Bitcoin: Future of Investment or Financial Fad?
Throughout 2017, Bitcoin, an online currency, raised in value from $1,000 to $17,800, and it could continue to fluctuate in the coming year. This quick, astronomical rise in value shows how online currency is changing with the growing technological culture. The growing question remains: is Bitcoin really the future of currency?
This new system of currency exchange works with anonymous, international online payments that take out the middleman and replace it with a ledger (a list of financial accounts) anyone can access. The goal of this new system is to produce a currency that is independent of any central authority and that can be used with very few transaction fees.
When Satoshi Nakamoto announced Bitcoin in 2008, he stressed his concern with other attempts at digital spending. A rising problem called “double spending” was overtaking the online market. There was no way of verifying that the money was not also being spent somewhere else, because the middleman would take too long verifying transactions. Buyers could purchase one thing with their currency, then use that same online currency to purchase another. Nakamoto’s goal was to create a peer-to-peer transaction system that would cut out the problematic middleman.
There are people called “miners” who work independently for Bitcoin. These people keep track of the online leger and verify online purchases. Miners compete by solving complex math problems to verify that Bitcoin transactions are valid, and the miners are paid in Bitcoins. These complex math problems, or algorithms, make it harder for hackers to double-spend, because hackers would have to also solve a series of math problems created by miners. There are an estimated 100,000 miners working for Bitcoin, and that number increases as the value of Bitcoin does.
In most modern systems of currency, such as the American dollar, the ledger cannot be accessed by anyone but the banks and private businesses that handle the money. These corporations that handle the money act as a middleman between the buyer and the seller. If there are international purchases, money must be exchanged from one currency to another. These exchanges are often costly and involve a high tax rate.
Bitcoin changes this process by taking out those banks and companies and leaves individuals with a public leger. There is no company that holds the money before it is exchanged because Bitcoins are internationally used with no need for an exchange. Bitcoins are not regulated by any government or authority, which has lead to it’s quick rise is value.
There are concerns with this new system, however. Because of the anonymous nature of Bitcoin, many illegal sellers are taking advantage of this new way of doing business. Those in the black market selling drugs and weapons can easily exchange money off the record of authorities. Countries such as China, Japan, and Australia have started to weigh regulations because of Bitcoin’s underground use. As country authorities continue to tighten the grip on this currency, the future of Bitcoin could be at risk.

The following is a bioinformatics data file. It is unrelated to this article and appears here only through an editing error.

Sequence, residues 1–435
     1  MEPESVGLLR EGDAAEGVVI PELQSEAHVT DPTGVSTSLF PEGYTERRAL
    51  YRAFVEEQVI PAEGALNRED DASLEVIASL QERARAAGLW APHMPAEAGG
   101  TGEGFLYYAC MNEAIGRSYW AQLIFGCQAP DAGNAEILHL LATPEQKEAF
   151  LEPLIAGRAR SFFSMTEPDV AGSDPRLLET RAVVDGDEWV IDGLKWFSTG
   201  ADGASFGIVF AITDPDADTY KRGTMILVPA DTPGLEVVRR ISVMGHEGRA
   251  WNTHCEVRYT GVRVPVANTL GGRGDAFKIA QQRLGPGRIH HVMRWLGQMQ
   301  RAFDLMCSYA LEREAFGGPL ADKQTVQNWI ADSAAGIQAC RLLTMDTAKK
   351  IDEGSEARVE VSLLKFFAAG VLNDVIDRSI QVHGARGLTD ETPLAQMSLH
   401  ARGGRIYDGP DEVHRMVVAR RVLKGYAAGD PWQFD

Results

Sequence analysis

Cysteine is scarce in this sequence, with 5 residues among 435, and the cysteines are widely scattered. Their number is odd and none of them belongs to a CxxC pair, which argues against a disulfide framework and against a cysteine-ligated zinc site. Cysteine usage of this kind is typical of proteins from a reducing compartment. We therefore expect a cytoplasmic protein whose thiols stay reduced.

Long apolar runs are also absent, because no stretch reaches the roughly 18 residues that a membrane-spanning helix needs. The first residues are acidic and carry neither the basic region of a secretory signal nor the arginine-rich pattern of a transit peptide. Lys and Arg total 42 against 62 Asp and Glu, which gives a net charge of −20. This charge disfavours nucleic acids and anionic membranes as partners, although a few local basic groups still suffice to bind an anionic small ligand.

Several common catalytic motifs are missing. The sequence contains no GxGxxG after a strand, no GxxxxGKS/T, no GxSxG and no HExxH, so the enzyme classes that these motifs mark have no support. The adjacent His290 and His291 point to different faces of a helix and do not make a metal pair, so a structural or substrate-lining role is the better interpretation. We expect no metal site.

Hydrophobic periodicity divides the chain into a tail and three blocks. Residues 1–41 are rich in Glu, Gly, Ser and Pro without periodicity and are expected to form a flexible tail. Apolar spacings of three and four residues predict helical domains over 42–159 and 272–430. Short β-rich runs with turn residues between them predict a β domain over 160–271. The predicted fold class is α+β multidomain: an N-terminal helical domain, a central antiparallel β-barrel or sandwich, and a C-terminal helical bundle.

Mr. Ryan Swinehart, Jonathan Alder’s Financial Investing teacher, remarks on his skepticism of this rising financial fad. He describes this rise in value as a “bubble,” meaning that as the value increases, the greater the chance for the system to collapse. Swinehart relates this bubble to “Tulip Mania” in Denmark that happened in the 1630s. In that event, tulip bulbs had just hit the market and because of a non-fatal virus, their rarity increased. People began to buy these bulbs for all they owned, drastically raising the market’s value. Once the bulbs were at an all time high, people began selling them at drastic rates. With everyone selling and no one buying, value plummeted and lead Denmark into an economic depression. This event does closely relate to the events of the Bitcoin market, and Swinehart’s skepticism should raise concerns.
Even Robert Chiller, author of the book Irrational Exuberance and winner of the 2013 Nobel Memorial Prize in Economic Science expresses his Bitcoin concerns to Popular Science Magazine. “It’s hard to know when the bubble will end,” he says while commentating on the unpredictable nature of Bitcoin.
Swinehart uses an example to relate his Bitcoin concerns as to why the currency system is illogical to younger generations:
Does Bitcoin hold the key for the future of online investments? Or is this just a trend that will soon plummet as did the Tulip Mania of Denmark? Only time will tell the future of this online phenomenon.